Stoke Newington Guitar Festival's opening lunchtime concert features rarely performed works for Voice and Guitar by Federico Garcia Lorca and Manuel De Falla.
García Lorca may be best known for his literary achievements, yet few great poets and playwrights have been involved in music to the extent that he was. Reported to have hummed tunes before he could talk, he received early musical training; by the age of eleven he was studying piano in Granada with Antonio Segura and Francisco Benítez. Pedro Revuelta, in his article Lorca and Music somehow assigned the precise figure of 87% to his life activities revolving around music.
Lorca collected and arranged many Spanish folk songs, particularly from his native Andalusian region in the south, perhaps tinkering with their words himself. His moving performances of them, sometimes singing and accompanying himself on piano or guitar, became well known to millions of Spaniards before he was shot in the early days of the Spanish Civil War, apparently by supporters of Franco. His refusal to write down his arrangements is in keeping with the history of the oral tradition that so fascinated him. He also disliked the inability of the musical notation to reflect the characteristic microtonal and rhythmic complexities of this music. Fortunately in 1931 he made five records of his arrangements, sung by La Argentinita and accompanied by himself on the piano; these have been transcribed and performed countless times since.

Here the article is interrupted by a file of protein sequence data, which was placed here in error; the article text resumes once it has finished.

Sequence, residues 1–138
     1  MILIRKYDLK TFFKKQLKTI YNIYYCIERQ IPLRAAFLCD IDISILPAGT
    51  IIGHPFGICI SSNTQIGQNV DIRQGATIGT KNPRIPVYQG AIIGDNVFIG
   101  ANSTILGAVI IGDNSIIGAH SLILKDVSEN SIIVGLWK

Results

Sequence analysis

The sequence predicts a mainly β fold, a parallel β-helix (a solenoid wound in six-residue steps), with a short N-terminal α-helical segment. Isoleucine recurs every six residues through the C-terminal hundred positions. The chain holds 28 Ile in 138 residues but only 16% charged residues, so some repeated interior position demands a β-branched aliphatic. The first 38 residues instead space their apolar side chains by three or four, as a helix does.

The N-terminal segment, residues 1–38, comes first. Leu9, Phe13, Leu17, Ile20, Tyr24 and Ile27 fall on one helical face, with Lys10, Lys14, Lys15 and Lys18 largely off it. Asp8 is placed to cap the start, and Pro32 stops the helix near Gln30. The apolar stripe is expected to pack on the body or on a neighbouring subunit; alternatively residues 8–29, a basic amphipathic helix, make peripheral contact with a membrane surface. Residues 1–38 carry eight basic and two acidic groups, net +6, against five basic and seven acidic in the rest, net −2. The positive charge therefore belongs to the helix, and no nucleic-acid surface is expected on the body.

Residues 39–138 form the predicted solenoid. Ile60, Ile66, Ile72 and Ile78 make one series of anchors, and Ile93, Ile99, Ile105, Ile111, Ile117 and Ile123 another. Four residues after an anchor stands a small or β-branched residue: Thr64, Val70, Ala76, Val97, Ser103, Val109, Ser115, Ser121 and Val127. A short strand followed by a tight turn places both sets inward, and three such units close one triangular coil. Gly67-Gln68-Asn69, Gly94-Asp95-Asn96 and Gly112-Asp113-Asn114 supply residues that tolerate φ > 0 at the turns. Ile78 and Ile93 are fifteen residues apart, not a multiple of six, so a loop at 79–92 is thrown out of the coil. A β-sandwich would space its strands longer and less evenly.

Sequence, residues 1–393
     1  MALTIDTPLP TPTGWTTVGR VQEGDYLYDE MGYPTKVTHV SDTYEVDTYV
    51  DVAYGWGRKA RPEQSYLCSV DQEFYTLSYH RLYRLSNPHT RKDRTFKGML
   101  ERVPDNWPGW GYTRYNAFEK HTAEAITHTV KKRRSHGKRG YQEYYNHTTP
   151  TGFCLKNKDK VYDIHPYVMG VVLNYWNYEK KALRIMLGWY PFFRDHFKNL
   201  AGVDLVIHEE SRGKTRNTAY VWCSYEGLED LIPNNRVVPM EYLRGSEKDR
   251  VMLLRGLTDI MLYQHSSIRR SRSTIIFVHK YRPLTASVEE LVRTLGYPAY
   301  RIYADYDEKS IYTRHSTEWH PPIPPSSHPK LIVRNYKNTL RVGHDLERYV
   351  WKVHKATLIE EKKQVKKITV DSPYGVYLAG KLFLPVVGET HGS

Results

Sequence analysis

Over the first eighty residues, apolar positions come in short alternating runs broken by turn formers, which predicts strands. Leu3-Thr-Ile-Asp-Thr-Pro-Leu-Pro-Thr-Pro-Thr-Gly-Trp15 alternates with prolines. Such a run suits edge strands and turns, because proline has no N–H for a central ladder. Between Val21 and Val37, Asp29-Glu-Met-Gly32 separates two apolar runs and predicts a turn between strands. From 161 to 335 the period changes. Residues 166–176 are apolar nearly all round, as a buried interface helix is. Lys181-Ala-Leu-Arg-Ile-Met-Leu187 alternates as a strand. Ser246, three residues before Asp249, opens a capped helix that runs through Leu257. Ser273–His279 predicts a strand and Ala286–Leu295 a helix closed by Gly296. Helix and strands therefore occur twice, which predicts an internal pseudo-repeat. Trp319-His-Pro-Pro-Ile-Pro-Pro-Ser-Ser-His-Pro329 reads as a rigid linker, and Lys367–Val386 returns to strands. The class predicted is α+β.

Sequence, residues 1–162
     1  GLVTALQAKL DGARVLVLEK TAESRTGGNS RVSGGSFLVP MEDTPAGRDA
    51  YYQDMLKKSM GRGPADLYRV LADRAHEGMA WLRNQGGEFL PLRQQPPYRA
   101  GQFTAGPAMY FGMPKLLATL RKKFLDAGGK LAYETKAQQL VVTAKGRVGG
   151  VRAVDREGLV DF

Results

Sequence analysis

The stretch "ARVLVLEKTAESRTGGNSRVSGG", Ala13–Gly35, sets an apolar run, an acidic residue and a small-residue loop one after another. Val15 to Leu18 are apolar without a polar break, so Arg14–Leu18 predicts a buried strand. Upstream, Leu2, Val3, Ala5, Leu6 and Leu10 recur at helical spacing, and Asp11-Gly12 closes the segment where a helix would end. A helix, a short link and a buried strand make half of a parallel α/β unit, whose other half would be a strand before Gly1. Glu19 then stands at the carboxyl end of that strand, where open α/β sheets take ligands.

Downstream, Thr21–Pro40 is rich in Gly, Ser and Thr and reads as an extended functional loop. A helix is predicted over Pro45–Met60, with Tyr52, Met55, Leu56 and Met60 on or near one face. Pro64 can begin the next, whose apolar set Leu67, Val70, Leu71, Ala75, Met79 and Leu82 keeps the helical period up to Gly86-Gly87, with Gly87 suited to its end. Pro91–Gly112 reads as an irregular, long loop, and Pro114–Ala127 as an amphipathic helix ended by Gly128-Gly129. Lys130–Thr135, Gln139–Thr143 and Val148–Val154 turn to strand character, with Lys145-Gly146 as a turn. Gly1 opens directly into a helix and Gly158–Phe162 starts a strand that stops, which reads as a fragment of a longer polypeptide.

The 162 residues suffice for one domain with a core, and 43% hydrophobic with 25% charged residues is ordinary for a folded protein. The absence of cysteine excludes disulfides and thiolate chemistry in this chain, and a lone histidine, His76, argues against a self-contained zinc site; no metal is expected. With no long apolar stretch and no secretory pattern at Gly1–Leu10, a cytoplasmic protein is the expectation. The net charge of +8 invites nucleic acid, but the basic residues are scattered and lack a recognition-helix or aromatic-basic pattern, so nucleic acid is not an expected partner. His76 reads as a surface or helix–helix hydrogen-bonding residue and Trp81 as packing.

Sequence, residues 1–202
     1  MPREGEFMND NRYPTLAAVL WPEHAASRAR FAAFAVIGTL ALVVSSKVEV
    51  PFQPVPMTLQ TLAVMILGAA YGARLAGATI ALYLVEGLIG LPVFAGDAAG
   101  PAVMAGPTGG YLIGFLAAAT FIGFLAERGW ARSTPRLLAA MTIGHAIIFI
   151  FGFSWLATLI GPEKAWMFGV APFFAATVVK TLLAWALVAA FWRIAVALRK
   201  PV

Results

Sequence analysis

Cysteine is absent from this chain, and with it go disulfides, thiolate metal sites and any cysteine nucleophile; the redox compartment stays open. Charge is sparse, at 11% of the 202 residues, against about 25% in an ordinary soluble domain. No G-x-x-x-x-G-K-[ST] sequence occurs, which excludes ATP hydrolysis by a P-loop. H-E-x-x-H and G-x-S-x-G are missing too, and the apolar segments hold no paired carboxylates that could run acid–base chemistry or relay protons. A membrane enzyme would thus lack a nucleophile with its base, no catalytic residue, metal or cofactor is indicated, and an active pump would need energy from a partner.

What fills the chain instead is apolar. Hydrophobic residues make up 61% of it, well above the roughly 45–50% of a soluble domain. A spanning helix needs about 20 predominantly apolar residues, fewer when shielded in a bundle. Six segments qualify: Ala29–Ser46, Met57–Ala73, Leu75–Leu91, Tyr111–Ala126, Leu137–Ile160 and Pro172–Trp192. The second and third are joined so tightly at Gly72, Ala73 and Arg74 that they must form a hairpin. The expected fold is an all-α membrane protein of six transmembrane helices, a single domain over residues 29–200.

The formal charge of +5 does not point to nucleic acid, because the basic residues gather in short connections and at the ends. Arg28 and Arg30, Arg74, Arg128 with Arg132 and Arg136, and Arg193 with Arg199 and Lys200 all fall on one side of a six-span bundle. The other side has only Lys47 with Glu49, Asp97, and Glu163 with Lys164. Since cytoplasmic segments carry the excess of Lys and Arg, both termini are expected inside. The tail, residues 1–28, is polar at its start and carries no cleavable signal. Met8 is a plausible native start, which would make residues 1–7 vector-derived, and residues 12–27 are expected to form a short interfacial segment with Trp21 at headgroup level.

Siete canciones populares españolas ("Seven Spanish Folksongs") is a 1914 set of traditional Spanish songs arranged for soprano and piano by the composer Manuel de Falla. Besides being Falla's most-arranged composition and one of his most popular, it is one of the most frequently performed sets of Spanish-language art songs. The set was dedicated to Madame Ida Godebska.
The styles and provenance of the songs are strikingly diverse. They are from different parts of Spain: an asturiana is from Asturias, in the north; the seguidilla, a type of flamenco, from Murcia, in the southeast. "Nana" is a lullaby, but "Polo" a wild desire for revenge on an unfaithful lover. All the texts deal with love and the courting process, whether playfully, seriously, or tragically.
About the performers:
Gina Fergione - mezzo-soprano
Gina studied music at Dartington College of Arts and Goldsmith College, University of London. She won a Lilian Baylis award to study with English National Opera working with Anthony Legge, Mary King, Rufus Norris and Deborah Warner. She is a mezzo-soprano, a composer, a vocational teacher and choir director.
Francesco Mariani - guitar
Francesco studied at the Royal Northern College of Music. He is tutor of guitar at the Purcell School for Young Musicians and has performed and given workshops at the Wirral Guitar Festival, Bath Guitar Festival, London Classical Guitar Festival, Greenwich Guitar Festival, Classic FM and the BBC.